The Bible not only tells us how to live but it also shows us examples of how not to live. One of these examples is the life of King David, the greatest king in the history of ancient Israel. David obviously accomplished many great things. David killed Goliath and rescued his people from Philistine oppression. David refused to harm his master, King Saul. David showed himself to be a great warrior and a great worshiper. David was known as a man after God’s own heart.
David also demonstrated some flaws–his indiscretion with Bathsheba being his most obvious. A less obvious flaw in David’s life is often overlooked. It would serve us all well, particularly us men, to understand this weakness and avoid it in our own lives.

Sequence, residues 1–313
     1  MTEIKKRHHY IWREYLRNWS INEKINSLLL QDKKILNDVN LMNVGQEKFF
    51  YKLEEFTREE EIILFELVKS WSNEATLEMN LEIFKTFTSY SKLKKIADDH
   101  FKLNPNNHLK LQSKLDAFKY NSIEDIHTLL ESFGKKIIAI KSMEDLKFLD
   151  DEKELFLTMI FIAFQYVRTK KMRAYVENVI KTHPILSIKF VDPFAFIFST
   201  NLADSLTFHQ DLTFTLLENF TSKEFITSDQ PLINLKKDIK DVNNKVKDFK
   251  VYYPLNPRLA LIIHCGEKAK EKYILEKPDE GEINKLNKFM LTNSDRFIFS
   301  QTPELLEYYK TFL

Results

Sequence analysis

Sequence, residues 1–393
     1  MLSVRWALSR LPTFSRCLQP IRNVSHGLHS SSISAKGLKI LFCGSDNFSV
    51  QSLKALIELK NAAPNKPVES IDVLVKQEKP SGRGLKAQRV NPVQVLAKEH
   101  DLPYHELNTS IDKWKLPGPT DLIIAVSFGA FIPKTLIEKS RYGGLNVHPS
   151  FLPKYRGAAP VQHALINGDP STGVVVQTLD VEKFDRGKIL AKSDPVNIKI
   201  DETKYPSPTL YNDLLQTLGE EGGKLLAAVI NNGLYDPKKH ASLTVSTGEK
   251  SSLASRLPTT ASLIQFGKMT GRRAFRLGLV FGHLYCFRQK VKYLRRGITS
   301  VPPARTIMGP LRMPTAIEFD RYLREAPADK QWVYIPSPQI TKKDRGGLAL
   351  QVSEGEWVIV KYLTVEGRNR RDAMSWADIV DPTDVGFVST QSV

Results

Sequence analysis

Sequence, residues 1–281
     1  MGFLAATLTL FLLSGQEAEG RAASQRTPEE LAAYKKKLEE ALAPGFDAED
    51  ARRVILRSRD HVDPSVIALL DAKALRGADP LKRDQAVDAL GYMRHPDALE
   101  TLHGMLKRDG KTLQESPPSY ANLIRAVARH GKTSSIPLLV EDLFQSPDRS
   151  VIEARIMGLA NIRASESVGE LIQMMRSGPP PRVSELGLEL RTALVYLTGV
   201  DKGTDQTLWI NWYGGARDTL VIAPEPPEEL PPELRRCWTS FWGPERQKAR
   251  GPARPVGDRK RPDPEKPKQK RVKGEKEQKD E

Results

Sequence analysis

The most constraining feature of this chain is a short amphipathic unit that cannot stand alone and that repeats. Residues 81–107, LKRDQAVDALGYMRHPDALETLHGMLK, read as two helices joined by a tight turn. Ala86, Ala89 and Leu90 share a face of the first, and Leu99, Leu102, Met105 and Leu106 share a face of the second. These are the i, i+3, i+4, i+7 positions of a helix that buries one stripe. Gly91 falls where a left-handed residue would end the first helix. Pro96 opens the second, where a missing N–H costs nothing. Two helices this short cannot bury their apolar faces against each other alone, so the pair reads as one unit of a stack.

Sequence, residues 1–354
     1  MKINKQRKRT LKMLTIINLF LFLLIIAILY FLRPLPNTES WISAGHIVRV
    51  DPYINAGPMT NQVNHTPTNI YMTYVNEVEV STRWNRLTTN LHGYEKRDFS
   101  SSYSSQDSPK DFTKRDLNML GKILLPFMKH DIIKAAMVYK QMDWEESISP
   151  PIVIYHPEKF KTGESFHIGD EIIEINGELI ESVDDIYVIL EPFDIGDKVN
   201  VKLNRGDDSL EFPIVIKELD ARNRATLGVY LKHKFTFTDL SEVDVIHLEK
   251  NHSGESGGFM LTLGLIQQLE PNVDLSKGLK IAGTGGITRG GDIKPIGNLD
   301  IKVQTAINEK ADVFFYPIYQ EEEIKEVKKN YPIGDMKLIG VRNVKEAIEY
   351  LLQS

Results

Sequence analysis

The Apostle Paul tells Timothy, “The sins of some men are quite evident, going before them to judgment; for others, their sins follow after.”(1 Tim 5:24) My paraphrase: some car accidents you can see coming; others take you by surprise. What is this grievous error I am referring to? David, after winning his kingdom, succumbed to male passivity. I use the term “male passivity” because it is an actual psychological condition that affects mostly men. Male passivity, by definition, occurs when men abdicate their God-given role as leaders. Let me clarify David’s error to better explain.